Three Kuwaiti MPs have declared they will quit after the National Assembly rejected their application to hold a public grilling of the prime minister, Kuwait Times reported.
Parliamentary questioning of the prime minister is viewed in Kuwait as MPs’ greatest power in a semi-democracy where majority of Cabinet members are appointed by the Emir rather than elected.
MPs regularly apply to “grill” ministers on various issues.
Abdulkarim Al Kandari, Riyadh Al Adasani and Hussein Quwaiaan had applied to question Prime Minister Sheikh Jaber Al Mubarak Al Sabah.
On Wednesday, the MPs said they would quit in protest against the “unconstitutional” decision to reject their application, Kuwait Times said.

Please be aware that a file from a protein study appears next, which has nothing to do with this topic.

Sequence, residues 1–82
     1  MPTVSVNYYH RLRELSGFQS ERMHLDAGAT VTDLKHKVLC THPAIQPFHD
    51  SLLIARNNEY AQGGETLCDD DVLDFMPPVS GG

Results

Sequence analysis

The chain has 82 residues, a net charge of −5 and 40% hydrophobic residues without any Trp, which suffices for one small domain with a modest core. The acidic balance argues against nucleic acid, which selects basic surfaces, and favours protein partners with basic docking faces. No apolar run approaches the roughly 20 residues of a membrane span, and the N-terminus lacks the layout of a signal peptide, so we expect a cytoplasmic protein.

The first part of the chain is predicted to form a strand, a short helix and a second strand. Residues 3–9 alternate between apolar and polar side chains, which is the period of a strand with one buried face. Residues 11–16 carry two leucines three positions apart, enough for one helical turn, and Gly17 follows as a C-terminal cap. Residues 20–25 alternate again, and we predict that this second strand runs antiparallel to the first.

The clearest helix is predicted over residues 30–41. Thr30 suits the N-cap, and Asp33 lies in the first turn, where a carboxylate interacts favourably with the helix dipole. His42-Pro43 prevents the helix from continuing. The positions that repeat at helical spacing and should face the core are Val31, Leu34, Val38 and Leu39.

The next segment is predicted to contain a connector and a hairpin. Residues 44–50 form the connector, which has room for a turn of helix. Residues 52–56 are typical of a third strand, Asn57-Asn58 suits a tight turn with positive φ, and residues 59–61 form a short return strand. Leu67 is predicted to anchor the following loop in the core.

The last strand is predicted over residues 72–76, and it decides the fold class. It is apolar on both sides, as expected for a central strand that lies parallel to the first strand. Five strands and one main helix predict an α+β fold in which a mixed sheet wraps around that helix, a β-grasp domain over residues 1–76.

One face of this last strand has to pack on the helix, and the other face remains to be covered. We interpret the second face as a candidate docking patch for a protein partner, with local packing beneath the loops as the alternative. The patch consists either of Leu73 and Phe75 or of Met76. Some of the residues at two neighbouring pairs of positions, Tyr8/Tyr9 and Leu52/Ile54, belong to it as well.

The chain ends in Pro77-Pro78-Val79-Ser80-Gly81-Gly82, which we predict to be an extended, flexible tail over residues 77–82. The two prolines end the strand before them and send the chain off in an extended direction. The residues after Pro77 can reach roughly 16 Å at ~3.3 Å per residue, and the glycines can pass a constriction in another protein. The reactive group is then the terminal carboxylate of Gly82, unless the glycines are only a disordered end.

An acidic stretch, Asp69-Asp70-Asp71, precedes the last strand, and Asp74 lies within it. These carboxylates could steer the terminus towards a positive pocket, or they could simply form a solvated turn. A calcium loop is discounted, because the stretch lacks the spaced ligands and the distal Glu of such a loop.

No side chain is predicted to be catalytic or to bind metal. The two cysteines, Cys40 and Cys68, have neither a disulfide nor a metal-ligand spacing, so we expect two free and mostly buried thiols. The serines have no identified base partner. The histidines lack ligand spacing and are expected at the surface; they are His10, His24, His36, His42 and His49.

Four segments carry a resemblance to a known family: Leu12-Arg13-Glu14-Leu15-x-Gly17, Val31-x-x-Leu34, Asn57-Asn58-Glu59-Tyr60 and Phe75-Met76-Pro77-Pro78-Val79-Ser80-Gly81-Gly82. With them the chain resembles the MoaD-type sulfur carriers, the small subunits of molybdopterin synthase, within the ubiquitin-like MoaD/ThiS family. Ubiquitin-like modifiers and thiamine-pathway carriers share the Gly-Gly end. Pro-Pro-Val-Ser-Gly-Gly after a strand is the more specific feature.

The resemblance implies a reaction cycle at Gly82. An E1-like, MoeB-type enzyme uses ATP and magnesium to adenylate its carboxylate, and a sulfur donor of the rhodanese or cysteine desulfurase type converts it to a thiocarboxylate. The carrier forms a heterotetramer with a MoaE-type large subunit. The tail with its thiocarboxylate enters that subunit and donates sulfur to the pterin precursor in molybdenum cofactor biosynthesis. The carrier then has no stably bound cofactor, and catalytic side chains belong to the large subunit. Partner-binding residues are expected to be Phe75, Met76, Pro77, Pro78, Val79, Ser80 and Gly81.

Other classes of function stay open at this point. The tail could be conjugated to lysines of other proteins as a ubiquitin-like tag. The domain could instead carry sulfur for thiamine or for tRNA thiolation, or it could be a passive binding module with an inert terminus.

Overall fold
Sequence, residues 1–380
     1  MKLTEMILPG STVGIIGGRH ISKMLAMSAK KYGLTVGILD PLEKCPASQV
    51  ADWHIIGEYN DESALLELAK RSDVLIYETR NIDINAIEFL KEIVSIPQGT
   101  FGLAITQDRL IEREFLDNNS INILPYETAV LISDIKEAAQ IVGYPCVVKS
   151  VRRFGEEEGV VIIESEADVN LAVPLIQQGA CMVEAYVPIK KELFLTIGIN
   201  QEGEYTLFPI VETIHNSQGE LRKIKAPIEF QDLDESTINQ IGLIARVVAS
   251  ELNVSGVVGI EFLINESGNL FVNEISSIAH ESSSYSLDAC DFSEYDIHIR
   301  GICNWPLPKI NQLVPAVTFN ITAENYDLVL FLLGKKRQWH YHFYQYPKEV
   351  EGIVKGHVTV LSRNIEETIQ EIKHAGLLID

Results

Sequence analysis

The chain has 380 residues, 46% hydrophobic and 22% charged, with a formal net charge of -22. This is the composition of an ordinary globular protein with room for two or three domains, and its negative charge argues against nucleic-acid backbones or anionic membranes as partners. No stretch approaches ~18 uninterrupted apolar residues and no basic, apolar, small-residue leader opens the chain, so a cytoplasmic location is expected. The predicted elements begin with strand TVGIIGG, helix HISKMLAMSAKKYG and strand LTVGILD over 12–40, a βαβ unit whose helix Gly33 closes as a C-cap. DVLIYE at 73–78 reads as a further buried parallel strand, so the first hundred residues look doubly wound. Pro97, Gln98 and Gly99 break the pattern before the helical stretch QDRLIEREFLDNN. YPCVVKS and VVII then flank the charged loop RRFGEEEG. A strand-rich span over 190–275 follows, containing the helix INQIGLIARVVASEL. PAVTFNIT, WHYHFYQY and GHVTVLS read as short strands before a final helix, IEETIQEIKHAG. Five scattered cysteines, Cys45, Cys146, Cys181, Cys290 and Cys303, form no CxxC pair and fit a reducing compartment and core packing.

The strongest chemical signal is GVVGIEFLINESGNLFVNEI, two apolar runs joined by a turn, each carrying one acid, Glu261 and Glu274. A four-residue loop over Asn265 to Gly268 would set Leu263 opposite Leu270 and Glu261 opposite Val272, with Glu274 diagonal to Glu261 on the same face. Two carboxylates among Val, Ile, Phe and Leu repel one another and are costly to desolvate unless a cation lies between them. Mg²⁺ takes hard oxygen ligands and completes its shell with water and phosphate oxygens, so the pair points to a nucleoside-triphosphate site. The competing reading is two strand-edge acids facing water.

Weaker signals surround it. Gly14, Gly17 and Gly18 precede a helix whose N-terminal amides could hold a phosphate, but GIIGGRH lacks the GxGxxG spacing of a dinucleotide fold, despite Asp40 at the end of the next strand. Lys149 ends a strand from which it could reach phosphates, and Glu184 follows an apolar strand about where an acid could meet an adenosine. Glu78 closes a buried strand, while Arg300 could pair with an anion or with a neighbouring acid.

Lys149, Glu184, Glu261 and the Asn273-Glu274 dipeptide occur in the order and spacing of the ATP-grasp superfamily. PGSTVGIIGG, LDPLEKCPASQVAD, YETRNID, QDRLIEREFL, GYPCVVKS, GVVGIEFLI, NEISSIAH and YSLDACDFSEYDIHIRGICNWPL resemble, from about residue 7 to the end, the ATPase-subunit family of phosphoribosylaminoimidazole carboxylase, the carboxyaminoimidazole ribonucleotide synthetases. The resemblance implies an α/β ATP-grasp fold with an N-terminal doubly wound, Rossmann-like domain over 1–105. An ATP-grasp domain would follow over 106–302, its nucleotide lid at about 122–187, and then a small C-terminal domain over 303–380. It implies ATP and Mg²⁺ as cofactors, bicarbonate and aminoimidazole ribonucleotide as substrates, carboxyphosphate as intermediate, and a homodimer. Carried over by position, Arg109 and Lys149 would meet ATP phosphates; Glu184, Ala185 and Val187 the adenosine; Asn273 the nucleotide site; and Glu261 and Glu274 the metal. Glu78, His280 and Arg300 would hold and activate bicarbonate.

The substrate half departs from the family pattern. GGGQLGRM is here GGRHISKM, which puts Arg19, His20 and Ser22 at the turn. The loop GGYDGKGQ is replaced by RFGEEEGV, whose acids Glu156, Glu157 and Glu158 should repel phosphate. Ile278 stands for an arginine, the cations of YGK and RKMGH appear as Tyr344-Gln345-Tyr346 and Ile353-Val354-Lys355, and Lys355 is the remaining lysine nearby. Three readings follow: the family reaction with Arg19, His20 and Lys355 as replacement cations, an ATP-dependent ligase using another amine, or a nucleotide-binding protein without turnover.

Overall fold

In November a similar grilling application was partially rejected, with only some of the proposed issues allowed to be raised.
Adasani said he was “not honoured” to be a member of the National Assembly if such a constitutional right was denied.
The men immediately left the chamber, although their resignations will not be accepted until they are made in writing.
MP Safa Al Hashem also reportedly said she was considering quitting in solidarity and would consult her constituents.
It is unclear whether the resignations, if made official, would lead to a by-election. Kuwait’s parliamentary system has been marred by a lack of cooperation between opposition MPs and the government.
There have been at least six elections in recent years after several assemblies were sacked or elections were annulled.